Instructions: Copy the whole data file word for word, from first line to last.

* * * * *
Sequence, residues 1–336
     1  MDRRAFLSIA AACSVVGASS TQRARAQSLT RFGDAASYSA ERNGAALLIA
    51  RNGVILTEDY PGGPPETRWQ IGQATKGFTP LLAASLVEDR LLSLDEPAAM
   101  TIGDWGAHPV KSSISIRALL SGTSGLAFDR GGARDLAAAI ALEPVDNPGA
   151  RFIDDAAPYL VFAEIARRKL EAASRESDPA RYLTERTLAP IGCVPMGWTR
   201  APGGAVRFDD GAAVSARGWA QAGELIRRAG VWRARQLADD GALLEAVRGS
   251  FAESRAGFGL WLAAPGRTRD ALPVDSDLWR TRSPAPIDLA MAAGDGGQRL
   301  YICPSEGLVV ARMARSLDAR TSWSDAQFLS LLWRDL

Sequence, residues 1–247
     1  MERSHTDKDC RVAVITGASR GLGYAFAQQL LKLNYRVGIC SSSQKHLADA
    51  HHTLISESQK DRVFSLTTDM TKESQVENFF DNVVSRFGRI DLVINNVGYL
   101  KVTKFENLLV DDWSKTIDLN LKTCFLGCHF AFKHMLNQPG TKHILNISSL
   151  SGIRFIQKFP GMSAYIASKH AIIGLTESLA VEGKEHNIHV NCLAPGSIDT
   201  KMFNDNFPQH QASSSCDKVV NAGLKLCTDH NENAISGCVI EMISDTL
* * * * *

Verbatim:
Sequence, residues 1–336
     1  MDRRAFLSIA AACSVVGASS TQRARAQSLT RFGDAASYSA ERNGAALLIA
    51  RNGVILTEDY PGGPPETRWQ IGQATKGFTP LLAASLVEDR LLSLDEPAAM
   101  TIGDWGAHPV KSSISIRALL SGTSGLAFDR GGARDLAAAI ALEPVDNPGA
   151  RFIDDAAPYL VFAEIARRKL EAASRESDPA RYLTERTLAP IGCVPMGWTR
   201  APGGAVRFDD GAAVSARGWA QAGELIRRAG VWRARQLADD GALLEAVRGS
   251  FAESRAGFGL WLAAPGRTRD ALPVDSDLWR TRSPAPIDLA MAAGDGGQRL
   301  YICPSEGLVV ARMARSLDAR TSWSDAQFLS LLWRDL

Sequence, residues 1–247
     1  MERSHTDKDC RVAVITGASR GLGYAFAQQL LKLNYRVGIC SSSQKHLADA
    51  HHTLISESQK DRVFSLTTDM TKESQVENFF DNVVSRFGRI DLVINNVGYL
   101  KVTKFENLLV DDWSKTIDLN LKTCFLGCHF AFKHMLNQPG TKHILNISSL
   151  SGIRFIQKFP GMSAYIASKH AIIGLTESLA VEGKEHNIHV NCLAPGSIDT
   201  KMFNDNFPQH QASSSCDKVV NAGLKLCTDH NENAISGCVI EMISDTL